Refereed article Variation in bird species abundance in a commercial pine plantation in New Zealand
Richard Seaton 1, Edward O. Minot 1 and John D. Holland 1
1 Institute of Natural Resources, Massey University, Ecology Building PN624, Massey University, Palmerston North, New Zealand.
The abundance of bird species in a commercial radiata pine plantation in New Zealand was studied to determine
how different aged tree compartments affect birds. We found that exotic bird species were found in greater numbers than
indigenous species in young and intermediate aged pine stands, but both were recorded in similar abundances in mature
stands. Stand edges had higher overall densities of birds than the interiors of stands. Eight of the 31 bird species observed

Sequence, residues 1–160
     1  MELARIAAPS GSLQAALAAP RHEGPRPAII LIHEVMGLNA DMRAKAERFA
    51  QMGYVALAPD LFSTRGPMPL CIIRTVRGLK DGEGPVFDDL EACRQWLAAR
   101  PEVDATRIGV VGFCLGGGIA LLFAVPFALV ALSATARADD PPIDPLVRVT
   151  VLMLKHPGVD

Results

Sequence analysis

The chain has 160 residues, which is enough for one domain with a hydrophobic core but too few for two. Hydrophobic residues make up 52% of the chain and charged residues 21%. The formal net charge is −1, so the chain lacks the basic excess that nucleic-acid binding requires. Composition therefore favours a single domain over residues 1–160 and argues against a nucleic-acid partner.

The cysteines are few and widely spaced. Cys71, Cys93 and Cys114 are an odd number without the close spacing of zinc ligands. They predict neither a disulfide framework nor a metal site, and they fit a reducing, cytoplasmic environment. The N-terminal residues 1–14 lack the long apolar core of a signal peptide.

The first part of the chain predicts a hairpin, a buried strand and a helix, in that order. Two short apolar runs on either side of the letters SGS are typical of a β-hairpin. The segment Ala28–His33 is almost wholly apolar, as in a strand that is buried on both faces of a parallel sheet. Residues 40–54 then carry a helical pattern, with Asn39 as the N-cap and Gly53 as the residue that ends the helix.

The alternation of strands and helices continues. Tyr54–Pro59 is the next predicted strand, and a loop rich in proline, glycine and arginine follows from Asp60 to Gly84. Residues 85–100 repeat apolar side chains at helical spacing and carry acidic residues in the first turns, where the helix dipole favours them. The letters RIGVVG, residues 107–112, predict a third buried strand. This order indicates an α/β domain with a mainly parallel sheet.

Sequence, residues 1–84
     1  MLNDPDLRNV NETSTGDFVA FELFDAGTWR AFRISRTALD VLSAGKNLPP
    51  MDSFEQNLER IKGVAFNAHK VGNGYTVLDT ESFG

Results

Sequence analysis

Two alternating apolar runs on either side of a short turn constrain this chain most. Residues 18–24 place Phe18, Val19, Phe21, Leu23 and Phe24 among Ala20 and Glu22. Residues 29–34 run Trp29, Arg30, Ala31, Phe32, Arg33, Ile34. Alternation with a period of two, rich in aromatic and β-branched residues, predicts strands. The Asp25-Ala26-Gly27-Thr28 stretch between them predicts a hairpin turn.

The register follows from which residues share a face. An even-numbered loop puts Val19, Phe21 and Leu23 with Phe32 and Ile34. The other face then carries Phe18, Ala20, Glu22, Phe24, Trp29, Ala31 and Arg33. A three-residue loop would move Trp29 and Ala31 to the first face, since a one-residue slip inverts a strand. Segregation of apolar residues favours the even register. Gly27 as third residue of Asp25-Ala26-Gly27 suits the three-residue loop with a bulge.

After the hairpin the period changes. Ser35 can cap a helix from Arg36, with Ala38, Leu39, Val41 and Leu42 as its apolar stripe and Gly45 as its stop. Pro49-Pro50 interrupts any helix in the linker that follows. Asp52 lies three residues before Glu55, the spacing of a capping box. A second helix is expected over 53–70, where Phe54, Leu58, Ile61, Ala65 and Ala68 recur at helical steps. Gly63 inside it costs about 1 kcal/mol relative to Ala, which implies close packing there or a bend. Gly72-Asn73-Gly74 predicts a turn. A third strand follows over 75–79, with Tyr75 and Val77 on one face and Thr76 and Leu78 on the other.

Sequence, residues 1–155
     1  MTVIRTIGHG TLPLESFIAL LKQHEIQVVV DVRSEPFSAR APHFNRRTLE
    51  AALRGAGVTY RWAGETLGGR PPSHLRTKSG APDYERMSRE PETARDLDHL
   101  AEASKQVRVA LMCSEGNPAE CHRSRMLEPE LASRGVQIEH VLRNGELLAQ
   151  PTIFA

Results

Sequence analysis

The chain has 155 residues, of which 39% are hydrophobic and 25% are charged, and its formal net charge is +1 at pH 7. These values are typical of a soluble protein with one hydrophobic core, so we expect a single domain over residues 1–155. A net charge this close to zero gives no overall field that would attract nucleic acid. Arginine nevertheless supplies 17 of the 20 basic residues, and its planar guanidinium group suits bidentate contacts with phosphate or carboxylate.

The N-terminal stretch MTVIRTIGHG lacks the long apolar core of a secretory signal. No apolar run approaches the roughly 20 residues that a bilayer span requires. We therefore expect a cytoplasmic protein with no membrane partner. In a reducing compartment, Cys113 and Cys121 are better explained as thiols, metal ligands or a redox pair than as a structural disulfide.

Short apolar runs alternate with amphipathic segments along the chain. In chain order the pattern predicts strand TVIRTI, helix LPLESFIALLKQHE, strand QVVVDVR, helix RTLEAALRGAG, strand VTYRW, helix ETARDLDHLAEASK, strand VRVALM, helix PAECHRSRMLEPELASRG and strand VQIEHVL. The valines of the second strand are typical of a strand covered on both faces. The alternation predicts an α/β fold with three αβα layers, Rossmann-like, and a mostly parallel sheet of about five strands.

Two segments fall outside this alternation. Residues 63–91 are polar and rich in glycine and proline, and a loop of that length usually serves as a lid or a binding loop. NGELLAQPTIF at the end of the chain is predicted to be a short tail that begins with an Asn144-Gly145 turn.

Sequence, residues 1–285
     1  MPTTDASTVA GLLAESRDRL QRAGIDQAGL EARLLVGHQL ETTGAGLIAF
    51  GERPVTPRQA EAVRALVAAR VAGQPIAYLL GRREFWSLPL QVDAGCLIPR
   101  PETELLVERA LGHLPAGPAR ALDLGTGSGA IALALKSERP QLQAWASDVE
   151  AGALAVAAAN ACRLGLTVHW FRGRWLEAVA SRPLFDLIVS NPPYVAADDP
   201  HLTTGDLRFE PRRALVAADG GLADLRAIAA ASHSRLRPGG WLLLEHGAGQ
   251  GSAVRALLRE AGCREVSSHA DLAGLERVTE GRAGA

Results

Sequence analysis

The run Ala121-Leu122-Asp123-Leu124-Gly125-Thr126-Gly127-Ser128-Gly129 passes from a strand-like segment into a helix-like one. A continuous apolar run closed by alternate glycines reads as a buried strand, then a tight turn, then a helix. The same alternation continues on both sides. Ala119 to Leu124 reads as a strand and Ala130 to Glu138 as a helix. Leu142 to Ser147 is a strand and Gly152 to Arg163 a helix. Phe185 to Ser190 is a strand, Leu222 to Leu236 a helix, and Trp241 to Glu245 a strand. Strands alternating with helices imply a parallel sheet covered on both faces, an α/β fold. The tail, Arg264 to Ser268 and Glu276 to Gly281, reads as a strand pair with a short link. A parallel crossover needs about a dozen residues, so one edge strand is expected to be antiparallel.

made up 89 % of birds recorded.
We found that the application of poison bait (1080) for pest control had no significant effect on bird density overall.
The density of exotic bird species, however, was greatest where bait was applied from the ground over a small, localised
area. Moreover, some individual indigenous species were recorded in their highest numbers in areas where bait had been
aerially broadcast over a large area. Higher densities of birds were recorded at the start and end of the breeding season.
Our results indicate that in commercial pine forests, maximum avian diversity and density will result from a mosaic
of pine stand ages with high local heterogeneity. Within this mosaic, stand edges and pine stands over 20 years old are
particularly important. If conservation of indigenous bird species is the management aim, then older stands must be well
represented throughout, and broadcast application of pest control over a wide area may be beneficial.
Keywords: bird density; edge effect; pine plantation; New Zealand; radiata pine; forest management; pest control
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